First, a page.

Think about it this way. When you see a horse that looks white in color, it’s easy to describe it as a white horse. However, it’s actually far more likely that the horse you’re describing as white is actually grey in color. To be a truly white horse, the skin underneath the coat must be pink. That means that you’re going to see some pink skin around the nose and the eyes, with not a trace of colored hair anywhere on the horse’s body. Unless you’re talking about an albino, it is very rare to find a truly white horse. On the other hand, grey horses are fairly prevalent. They may have a very dark coat that’s almost black in color or they might have a coat that is so light that it looks white to the naked eye. However, if you’re seeing what looks like white hair with dark colored skin around the muzzle and eyes, you are in fact looking at a grey horse, not a white one. It’s basically the same concept with cats. Cats that have the gene for a grey coat color aren’t all the same. As such, that color can be either very light or very dark in nature. In some cases, it is so light that the coat looks like it’s white, but it isn’t. If you’re looking at a tabby cat that has stripes and the trademark pattern on its head, you are in fact not looking at a white cat, regardless of how white the fur appears to be. Even if it looks completely white to you, you are in fact looking at a grey or silver tabby.
Age Matters Too
Just as in the example listed in the above paragraph with the horses, age also matters when it comes to cats. The color of an animal’s fur has a tendency to change a lot as it gets older. As a result, a tabby cat that is very old is likely to have a lot more gray mixed in and it might even appear lighter in color than it did when it was younger. This can sometimes confuse people into thinking that the gray hair which was once dark is actually white in color when it is in fact nothing more than a product of the aging process. Just as your hair has a tendency to get gray as you age, so too does that of cats, dogs, horses and various other animals.
Why Is the Term “White Tabby” So Popular?
By now, you’re probably asking yourself why the term white tabby is so popular if they do not actually exist. For the most part, it comes down to the types of things that have already been discussed. Either you are looking at a cat that is actually gray or silver as opposed to white or you’re looking at a cat that is quite old and its fur has gotten lighter over the years. That said, there may be one other possibility that hasn’t been considered yet. It involves the abyssinian cat, a very special type of tabby that looks nothing like any of the other tabby cat patterns in existence. In fact, most people don’t even realize that this qualifies as a tabby cat pattern because it looked so unlike anything else in that particular category. To be honest, you have to look very closely to see the subtle nuances that create the differences in the abyssinians’ hair. Without it, it could very easily appear that the cat is really white. Why does this matter? Keep reading and you’ll find out.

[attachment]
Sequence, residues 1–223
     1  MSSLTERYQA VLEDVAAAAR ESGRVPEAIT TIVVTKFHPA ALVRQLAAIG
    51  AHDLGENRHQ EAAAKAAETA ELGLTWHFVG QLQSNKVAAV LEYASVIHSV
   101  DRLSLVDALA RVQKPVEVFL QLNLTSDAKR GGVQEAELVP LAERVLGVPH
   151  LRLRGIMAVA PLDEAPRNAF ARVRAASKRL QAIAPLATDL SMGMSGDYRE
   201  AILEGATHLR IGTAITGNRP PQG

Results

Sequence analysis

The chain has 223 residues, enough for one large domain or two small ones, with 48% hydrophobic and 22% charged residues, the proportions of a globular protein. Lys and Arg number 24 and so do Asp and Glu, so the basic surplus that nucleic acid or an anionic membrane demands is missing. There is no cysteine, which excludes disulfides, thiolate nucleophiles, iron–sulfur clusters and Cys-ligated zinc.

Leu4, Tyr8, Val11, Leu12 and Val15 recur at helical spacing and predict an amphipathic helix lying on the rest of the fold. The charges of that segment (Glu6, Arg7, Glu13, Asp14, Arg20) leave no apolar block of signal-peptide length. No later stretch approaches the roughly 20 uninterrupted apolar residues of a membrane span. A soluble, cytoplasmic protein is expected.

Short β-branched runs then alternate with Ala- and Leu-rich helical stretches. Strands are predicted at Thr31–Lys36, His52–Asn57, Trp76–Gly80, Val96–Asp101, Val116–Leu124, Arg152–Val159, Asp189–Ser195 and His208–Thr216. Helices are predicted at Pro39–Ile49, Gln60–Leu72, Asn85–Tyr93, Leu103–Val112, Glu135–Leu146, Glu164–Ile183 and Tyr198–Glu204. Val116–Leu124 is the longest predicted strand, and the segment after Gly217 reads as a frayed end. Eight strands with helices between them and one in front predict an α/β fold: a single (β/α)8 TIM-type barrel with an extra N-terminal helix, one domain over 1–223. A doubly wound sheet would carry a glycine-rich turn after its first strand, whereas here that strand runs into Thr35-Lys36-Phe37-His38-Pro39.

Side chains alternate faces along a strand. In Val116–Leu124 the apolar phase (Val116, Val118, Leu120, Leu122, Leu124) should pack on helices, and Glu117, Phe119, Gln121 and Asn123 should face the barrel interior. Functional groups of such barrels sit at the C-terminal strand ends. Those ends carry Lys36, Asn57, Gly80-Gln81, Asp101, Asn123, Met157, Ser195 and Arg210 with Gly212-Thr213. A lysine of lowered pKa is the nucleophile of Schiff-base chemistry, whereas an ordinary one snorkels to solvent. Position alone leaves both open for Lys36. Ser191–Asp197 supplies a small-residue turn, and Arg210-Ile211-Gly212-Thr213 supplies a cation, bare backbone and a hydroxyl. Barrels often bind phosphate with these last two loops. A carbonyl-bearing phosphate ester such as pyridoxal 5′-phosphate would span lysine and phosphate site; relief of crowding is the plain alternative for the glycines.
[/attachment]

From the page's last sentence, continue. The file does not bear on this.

Characteristics of the Abyssinian Cat
You already know that the abyssinian cat doesn’t have the traditional tabby markings, yet it is classified as a specific tabby cat pattern. Remember, you have to look at subtle differences here. Your first giveaway will be around the eyes. An abyssinian cat will have a slightly darker color around the size that goes around and underneath them. That doesn’t necessarily mean that the hair will be black in color, only darker than the rest of the hair. In addition, abyssinian cats have very subtle patterns in their hair which allow certain groups of hairs to gradually become lighter as other groups gradually grow darker. Interestingly enough, the overwhelming number of abyssinian cats have what amounts to a “hatch” pattern on their bodies where they have a stripe of white or colored hair followed by a stripe of darker hair, so on and so forth. The thing is, the differences in hair color are so slight that you literally have to pick the individual hairs up and look at the very tips of the hair in order to discern the difference. The only other way to see it is perhaps when the cat is sitting in bright sunlight. Under the right conditions, you might just barely be able to see it. Otherwise, it looks like you are looking at a cat that is a single color. In some rare cases, it is possible to see an abyssinian cat that is either very light gray or even light silver in color. In many cases, your eyes will trick you and you believe that you are looking at a white cat. However, those slight color differences will tell you that you are in fact not looking at a purely white cat because of the fact that any cat which is purely white has the gene which cancels out every other color. In short, you’re still not looking at a truly white abyssinian cat, only one that has such light colored hair that it appears to be white. At the end of the day, any cat which is truly white is not going to have any color patterns associated with it, nor will there be any other color on its hair anywhere on its body. If even the slightest patch of color exists, it is not considered a truly white cat. As a result, you’re not going to run into a white tabby anytime soon because they simply don’t exist. That said, you might see a tabby cat or more likely, an abyssinian cat, which appears to be white in color. As long as the cat in question is loved, it doesn’t really matter, does it?